The app also lacks a clear head navigation, so I was a bit lost as to what to do next. In the process of trying to make sense of the home screen by exploring all the options, I even forgot what I came to do in the first place. This is a well-known phenomenon: if there’s too many items calling for attention or too many options presented, the user can freeze and end up not taking action at all. This is what's called the paradox of choice.
After a while, I even felt as if Revolut wasn't for me. The overly complex UX, icons that didn't really make sense, jargon I'm not familiar with... kind of made me feel unwelcome, like the app is only meant for a select club of people that speak the “Revolut language”.
Snapchat for example, is very aware of this technique. They actually make their UI/UX more complex on purpose to deter (older) adults, and maintain a more concentrated target audience of young adults and teens. They are more inclined to explore, because attaining the status of “power user” is more desirable among their peers.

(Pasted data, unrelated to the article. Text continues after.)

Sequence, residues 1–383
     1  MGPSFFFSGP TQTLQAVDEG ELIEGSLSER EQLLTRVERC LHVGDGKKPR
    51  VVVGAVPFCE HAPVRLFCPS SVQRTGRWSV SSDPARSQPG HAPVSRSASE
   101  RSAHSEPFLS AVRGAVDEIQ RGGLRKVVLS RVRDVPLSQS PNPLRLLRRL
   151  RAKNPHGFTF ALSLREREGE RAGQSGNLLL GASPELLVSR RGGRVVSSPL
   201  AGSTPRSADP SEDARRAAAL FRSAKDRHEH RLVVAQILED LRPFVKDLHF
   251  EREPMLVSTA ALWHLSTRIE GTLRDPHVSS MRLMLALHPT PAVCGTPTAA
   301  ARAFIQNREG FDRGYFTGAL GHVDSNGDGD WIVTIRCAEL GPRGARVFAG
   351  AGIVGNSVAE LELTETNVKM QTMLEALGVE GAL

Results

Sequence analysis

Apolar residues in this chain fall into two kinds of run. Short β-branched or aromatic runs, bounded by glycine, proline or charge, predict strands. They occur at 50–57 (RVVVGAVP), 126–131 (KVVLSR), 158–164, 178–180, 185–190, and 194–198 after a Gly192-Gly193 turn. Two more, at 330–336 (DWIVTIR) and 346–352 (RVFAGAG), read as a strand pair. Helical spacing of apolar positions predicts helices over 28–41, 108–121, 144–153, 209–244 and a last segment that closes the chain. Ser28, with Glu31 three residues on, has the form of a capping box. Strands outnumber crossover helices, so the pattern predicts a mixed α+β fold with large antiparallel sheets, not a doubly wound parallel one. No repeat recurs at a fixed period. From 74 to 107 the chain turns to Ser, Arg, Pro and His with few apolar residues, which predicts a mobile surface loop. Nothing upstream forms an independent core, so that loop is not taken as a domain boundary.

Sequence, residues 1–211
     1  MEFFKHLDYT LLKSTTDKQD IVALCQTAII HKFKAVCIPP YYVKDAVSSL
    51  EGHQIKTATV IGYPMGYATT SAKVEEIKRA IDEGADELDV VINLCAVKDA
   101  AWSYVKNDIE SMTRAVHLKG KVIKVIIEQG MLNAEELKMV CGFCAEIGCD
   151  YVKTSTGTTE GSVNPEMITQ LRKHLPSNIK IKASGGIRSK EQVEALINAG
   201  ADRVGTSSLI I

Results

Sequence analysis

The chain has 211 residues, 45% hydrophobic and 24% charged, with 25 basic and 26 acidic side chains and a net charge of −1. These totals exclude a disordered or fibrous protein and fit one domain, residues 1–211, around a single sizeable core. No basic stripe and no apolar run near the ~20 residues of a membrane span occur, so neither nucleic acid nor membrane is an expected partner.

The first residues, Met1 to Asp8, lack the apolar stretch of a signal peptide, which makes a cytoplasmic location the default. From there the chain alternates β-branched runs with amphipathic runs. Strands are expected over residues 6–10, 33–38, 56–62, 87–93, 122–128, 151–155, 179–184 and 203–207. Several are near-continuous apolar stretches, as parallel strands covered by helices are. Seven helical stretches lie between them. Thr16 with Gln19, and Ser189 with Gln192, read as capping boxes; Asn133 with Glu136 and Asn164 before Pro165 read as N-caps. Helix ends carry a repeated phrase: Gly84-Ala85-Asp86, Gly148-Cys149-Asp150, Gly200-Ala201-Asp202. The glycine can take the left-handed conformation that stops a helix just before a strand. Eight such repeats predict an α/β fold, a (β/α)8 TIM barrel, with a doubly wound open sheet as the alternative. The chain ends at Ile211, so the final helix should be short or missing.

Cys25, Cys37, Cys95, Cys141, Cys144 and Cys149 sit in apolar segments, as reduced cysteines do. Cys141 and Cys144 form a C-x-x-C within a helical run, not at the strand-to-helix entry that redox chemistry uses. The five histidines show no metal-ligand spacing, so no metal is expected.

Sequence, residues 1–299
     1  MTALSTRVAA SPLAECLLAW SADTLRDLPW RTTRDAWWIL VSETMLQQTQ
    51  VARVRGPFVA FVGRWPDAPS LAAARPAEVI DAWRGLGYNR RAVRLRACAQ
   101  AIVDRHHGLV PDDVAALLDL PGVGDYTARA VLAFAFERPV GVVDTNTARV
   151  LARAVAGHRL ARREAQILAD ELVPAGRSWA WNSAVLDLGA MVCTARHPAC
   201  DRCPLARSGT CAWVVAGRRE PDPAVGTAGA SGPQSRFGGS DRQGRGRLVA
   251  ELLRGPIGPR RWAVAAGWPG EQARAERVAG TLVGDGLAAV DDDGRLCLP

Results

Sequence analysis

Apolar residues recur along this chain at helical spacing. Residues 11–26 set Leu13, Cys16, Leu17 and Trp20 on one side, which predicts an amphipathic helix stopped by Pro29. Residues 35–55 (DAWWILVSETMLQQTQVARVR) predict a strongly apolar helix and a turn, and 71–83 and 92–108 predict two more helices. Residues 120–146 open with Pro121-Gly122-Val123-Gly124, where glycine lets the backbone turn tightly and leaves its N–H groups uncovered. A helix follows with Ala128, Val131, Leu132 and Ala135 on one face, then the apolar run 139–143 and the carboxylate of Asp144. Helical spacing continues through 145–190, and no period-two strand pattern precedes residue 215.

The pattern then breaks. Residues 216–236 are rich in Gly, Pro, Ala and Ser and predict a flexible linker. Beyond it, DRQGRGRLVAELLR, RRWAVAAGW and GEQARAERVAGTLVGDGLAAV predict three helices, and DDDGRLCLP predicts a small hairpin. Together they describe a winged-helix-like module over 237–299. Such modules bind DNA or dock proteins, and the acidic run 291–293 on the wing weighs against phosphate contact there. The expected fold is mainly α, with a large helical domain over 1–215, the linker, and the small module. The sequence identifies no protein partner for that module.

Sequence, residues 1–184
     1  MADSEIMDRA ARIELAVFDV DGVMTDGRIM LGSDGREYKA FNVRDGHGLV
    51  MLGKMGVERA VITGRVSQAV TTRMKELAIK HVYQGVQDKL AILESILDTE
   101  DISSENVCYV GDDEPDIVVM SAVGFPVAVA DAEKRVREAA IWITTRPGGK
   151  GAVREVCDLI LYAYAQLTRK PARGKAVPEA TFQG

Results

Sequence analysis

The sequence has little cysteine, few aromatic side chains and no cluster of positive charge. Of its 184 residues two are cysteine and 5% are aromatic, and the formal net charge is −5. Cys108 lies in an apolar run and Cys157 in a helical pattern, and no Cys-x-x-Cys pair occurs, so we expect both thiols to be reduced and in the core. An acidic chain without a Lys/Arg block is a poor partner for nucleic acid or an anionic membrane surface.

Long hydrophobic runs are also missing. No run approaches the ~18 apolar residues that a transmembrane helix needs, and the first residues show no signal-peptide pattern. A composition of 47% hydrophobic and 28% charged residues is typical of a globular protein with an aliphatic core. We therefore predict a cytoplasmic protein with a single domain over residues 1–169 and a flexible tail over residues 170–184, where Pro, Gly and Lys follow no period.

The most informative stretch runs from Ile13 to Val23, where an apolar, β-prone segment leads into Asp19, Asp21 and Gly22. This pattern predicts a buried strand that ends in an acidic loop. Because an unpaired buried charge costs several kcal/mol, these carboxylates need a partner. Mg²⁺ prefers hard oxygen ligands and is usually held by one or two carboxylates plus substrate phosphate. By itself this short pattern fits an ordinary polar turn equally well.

Missing mental models
Going back to Revolut, its vast feature list also feels detrimental to its efficiency. As in, it makes it harder for users to complete even basic banking tasks. For example, I have to go through six (!) different screens to complete a simple wire transfer. Something I can do in three using my traditional banking app.
The problem is also that Revolut doesn’t exactly embrace mental models already present in our brains, making the whole experience feel less intuitive as a whole. Mental models are a set of beliefs and ideas that we consciously or unconsciously form based on our experiences. They guide our thoughts and behaviors and help us understand life. They’re basically thinking tools—shortcuts for reasoning.
Because of these mental models, we have certain expectations of how the world around us works. For example, we all know that doors are usually rectangular planes that can be opened by turning the knob. This standardization makes it easier for us to use doors we haven't seen before. The same goes for the digital world: if we've used online banking services before, we'll expect future ones to behave similarly.
It pays to know (through user research!) what mental models are present in your target audience so you can either work with them, or consciously change them for the better. Otherwise, you're needlessly risking new customers to churn.
What Revolut does get right